I was left adrift, floundering to find my way, while everyone else thought I was done with cancer.

While many cancer survivors struggle with these feelings of depression for long periods of time, I feel lucky to have recognized the signs early and knew how to seek help. I immediately turned to my cancer center and found a counselor who was able to provide me with a valuable sense of understanding and reassurance. In conjunction with the counseling, I also began a low dose of anti-depressants, which helped ease the intensity of the feelings I was struggling with. The anti-depressant also helped me sleep. As my energy began to improve, I was able to join a fitness program (also through my cancer center). This brought me a new sense of confidence and lifted my spirits. Spending time outside in the fresh air and having a regular routine helped me find some sense of purpose and improved my mindset. I set small milestones for myself and tried to stop and celebrate successes frequently. I tried to practice the same level of patience for myself that I would offer a close friend.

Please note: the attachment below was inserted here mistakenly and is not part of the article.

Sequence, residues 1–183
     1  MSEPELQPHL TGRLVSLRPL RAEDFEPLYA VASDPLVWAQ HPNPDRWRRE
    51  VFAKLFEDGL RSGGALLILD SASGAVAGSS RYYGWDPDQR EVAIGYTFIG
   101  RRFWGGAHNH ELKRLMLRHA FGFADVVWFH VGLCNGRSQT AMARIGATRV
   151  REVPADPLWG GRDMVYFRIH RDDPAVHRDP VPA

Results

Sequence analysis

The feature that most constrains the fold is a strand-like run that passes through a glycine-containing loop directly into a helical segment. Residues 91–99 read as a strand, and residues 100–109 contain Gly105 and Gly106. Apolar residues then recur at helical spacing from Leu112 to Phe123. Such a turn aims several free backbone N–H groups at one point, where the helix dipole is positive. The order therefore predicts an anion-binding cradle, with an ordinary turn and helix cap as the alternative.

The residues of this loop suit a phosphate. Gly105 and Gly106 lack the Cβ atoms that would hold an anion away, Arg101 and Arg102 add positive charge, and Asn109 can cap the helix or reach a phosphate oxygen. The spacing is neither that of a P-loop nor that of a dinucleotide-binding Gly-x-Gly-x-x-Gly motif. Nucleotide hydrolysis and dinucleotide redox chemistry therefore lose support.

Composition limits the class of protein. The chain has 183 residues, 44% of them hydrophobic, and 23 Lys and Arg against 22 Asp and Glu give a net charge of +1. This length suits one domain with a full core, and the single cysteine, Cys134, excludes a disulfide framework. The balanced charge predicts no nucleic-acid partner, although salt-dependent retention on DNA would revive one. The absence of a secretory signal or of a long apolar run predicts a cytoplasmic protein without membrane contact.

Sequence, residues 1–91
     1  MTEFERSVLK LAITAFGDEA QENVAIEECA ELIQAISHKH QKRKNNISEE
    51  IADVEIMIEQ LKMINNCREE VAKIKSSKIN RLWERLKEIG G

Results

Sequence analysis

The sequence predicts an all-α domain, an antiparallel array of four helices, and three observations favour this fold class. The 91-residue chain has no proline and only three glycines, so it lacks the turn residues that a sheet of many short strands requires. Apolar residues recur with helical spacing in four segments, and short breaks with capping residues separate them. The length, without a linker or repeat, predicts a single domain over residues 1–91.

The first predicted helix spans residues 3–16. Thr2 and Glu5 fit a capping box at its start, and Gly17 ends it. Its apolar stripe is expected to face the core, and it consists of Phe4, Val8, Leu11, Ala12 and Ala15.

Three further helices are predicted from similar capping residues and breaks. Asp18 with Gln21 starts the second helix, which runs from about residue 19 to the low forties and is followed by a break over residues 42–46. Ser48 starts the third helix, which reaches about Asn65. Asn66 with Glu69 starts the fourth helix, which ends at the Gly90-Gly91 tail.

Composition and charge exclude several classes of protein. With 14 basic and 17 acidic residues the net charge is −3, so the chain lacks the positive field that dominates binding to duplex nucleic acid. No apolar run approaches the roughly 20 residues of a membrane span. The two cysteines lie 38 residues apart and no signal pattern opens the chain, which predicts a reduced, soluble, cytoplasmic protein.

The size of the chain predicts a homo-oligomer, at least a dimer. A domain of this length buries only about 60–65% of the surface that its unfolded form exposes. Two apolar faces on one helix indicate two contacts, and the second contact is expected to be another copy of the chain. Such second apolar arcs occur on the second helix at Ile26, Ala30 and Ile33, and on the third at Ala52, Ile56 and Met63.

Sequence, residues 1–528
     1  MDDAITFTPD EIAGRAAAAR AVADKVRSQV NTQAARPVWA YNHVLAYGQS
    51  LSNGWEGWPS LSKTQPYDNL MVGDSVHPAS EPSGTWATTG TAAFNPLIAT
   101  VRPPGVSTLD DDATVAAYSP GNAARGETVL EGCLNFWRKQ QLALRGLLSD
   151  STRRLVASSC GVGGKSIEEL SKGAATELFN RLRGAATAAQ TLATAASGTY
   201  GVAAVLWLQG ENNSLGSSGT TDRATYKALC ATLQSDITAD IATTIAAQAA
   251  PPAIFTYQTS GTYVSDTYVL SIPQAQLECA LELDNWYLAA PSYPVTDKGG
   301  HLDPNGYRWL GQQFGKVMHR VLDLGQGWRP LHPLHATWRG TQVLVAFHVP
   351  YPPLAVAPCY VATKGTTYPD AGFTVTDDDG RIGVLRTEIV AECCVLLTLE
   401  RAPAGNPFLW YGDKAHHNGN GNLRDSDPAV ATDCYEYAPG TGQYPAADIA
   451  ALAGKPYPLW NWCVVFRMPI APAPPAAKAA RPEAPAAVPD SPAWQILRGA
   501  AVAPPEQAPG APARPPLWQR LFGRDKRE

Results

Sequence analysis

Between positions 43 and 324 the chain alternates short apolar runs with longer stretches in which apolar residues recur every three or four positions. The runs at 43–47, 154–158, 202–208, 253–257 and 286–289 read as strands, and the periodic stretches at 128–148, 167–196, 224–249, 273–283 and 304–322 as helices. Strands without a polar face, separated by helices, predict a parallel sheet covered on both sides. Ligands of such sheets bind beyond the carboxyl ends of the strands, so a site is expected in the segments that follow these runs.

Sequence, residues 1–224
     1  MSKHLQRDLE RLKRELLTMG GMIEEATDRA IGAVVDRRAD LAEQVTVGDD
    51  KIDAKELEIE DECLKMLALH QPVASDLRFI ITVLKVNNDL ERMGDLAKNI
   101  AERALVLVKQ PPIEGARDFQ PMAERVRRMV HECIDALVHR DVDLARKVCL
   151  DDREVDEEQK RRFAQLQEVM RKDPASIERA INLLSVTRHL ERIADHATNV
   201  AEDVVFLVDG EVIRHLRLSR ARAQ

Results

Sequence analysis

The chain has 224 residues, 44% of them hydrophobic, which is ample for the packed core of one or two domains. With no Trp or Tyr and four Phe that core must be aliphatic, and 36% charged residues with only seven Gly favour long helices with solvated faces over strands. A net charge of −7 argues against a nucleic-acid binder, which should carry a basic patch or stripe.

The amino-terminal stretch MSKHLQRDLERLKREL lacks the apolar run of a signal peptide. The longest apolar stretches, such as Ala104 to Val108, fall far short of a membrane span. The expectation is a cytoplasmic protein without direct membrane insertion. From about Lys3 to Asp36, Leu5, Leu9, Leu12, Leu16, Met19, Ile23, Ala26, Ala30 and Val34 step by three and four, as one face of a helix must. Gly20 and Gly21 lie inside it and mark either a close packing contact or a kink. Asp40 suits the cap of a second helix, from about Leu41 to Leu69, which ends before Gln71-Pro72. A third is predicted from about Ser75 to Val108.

It brought me joy to see the rebuilding of health and strength, despite the slow pace. I continued journaling regularly and expanded my work in self-compassion. After about 2 months of focused interventions I really began to feel like myself again. Now, looking back after a year of mental recovery, it’s hard to believe I was ever in such pain. I am happier now than I ever was pre-cancer with new avenues of purpose and joy in my life. While I still have days that are consumed by fear, they are few and far between.

I am stronger for the battles I fought and no matter what physical and mental battles I will face in the future I now know I can overcome.

While it is hard relive the pain through writing, I believe that sharing my story will help remove the stigma surrounding depression and bring hope to those caught in a similar cloud of despair. 15-25% of people diagnosed with cancer also suffer from depression (MD Anderson)

Many patients may actually mistake their symptoms of depression for lingering after effects of treatment (ex. fatigue, loss of pleasure/interest, weight gain/loss, sleeping problems, and decreased concentration). Unfortunately, depression cannot be ignored until it goes away. Usually the intensity of the feelings will worsen and you may withdraw further from those around you.

Don’t wait for things to get worse; it’s not your fault.